How Strange – Your Protagonist’s Flaws

doctor-strange

The world looks completely different when you are creating.  I have always noticed this when I’m painting.  You finish up a painting session, and then you go outside and the trees are suddenly a collection of shapes and shadows and lights.  It’s your right brain putting the world together the way IT sees it, and it’s really nice, because most of the time your left brain is the boss.

But I noticed it again when I went to the movies last night and saw Doctor Strange.  Here in the throes of trying to craft a story, I saw the movie as just that… I saw the character arc, and the protagonist-antagonist dynamic, the rise and fall of the action, the flow between where the protagonist is prevailing and where he is knocked down and almost out.

And I ate. it. up.  Love the movie, by the way, and while I will be talking about the story here, I will not spoil it for you.  I’m enough of a New Age geek that I absolutely adored this movie.  Nature of reality, damn, let’s have more stories about that, with special effects that mess with your head, woo!

Anyway, the monumental character flaw of the protagonist absolutely slaps you in the face here.  He reminded me of House from the TV series of the same name… medical genius but arrogant as heck and a real ass about it.  But House (at least as far as I watched the series, which honestly wasn’t that far) never really resolved that flaw.  Ultimately Stephen Strange gets pretty self-sacrificing (not saying more than that!) in solving the problems that plague his world… problems he never asked to be involved in solving.

I have a pretty solid background setup for Once a Rebel, 10,000 words (ish) in, but I realized two things about my book watching the movie:  my character is not flawed enough, and I am not thinking nearly epic enough as far as the challenges that face her.

So I’m going to talk for a moment about character flaws.  Specifically, about protagonist flaws.  Here’s a link to a list for your writerly use, with a list of possible character flaws.  Please click and open it because otherwise the rest of this blog post won’t make that much sense to you.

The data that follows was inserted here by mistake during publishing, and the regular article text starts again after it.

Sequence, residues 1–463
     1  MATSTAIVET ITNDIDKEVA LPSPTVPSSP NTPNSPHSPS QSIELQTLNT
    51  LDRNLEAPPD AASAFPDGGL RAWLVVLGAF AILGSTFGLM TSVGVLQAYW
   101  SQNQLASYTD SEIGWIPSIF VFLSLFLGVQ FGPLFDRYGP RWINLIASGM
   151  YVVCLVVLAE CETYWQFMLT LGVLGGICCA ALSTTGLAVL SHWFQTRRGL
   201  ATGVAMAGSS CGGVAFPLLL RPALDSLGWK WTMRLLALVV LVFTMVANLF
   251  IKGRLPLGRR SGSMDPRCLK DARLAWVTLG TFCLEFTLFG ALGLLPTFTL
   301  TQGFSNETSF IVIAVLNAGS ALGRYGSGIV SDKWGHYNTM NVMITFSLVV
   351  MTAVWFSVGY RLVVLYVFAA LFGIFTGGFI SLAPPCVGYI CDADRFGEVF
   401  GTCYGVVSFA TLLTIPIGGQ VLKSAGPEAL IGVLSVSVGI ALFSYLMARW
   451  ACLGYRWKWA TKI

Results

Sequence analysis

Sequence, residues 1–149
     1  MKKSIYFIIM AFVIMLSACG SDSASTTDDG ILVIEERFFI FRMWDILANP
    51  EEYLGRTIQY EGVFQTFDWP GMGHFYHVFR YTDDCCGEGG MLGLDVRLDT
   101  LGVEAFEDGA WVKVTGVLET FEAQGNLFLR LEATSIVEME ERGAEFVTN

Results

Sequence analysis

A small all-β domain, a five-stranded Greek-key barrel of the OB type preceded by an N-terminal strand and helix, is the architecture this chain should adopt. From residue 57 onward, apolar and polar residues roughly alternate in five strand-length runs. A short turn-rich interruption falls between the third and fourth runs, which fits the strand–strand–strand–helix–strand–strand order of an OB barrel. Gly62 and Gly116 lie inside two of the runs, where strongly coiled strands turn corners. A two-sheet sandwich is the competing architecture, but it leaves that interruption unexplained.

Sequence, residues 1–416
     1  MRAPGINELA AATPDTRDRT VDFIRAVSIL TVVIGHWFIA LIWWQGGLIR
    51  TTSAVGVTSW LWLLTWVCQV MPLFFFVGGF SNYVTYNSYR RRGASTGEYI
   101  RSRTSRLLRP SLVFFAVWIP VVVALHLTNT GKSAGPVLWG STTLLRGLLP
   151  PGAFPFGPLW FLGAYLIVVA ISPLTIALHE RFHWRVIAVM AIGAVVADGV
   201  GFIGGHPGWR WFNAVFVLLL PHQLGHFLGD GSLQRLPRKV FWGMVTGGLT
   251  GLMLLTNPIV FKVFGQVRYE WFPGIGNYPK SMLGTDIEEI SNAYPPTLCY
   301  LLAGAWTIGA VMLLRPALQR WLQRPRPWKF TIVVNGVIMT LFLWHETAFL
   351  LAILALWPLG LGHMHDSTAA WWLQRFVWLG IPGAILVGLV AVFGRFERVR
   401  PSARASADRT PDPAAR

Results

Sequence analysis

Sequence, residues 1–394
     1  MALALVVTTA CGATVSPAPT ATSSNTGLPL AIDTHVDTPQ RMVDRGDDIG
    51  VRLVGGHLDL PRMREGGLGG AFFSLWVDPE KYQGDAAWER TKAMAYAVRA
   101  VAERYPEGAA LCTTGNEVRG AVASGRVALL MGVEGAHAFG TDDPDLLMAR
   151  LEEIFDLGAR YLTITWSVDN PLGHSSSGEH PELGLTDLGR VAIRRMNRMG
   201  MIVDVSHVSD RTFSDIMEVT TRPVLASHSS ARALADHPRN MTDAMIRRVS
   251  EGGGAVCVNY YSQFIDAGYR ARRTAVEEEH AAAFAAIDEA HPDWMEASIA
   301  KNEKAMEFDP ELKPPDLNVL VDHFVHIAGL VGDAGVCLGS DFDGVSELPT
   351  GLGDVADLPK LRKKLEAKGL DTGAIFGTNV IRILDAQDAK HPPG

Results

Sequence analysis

First of all, looking at that list, you need to be really careful about this.  There are two reasons you want your main character to be flawed, which essentially boil down to one, the second one.

  1.  It makes a good story… static characters are not interesting.
  2.  The reason it makes a good story is because your protagonist is in actuality a stand-in for your reader, and you want them to identify with your protagonist.

So, while you must have a flawed protagonist, they cannot be too flawed.  You don’t want an axe murderer, probably not someone who sleeps around, probably not an extreme racist or skinhead or something.  There are certain character flaws that are unforgivable in a protagonist.  It’s easy to err on the side of making them too likeable, so making them hate-able probably isn’t a worry.  It’s more likely that the writer will give them flaws that are more like quirks.  Some examples from the tropes list above:  forgets to eat, fear of thunder (unless thunder figures into your story or your world pretty heavily), heavy sleeper.

So ultimately, the character’s flaw and basic fear need to play into the conflict you’re planning, because the conflict is the catalyst that causes the character to change.  In Doctor Strange’s case, his towering ego and mastery of science has to get slapped down in order for him to embrace becoming a beginner again in learning the occult arts and looking at reality in a different way.

Here’s the important takeaway:  the protagonist’s flaws should be big enough to make it a question of whether they will overcome them and sort out the conflict.  And the conflict should not be just a series of bad things that happens to the character, but something she has control over if she does overcome her own inner obstacles.

So, my plan for today is to sit down with that list and think about George’s personality as I’ve already established it, what her great fears and flaws are, what her desires are, and how those are going to play into the conflict I haven’t quite sorted out in my head yet, in hopes that those concepts will generate the conflict.

Happy writing!

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Author:

I call myself Renaissance Girl. Technically this is the place on the web for Deanna Lack, writer... but I do a little of everything creative and I'm going to lay it all on you.

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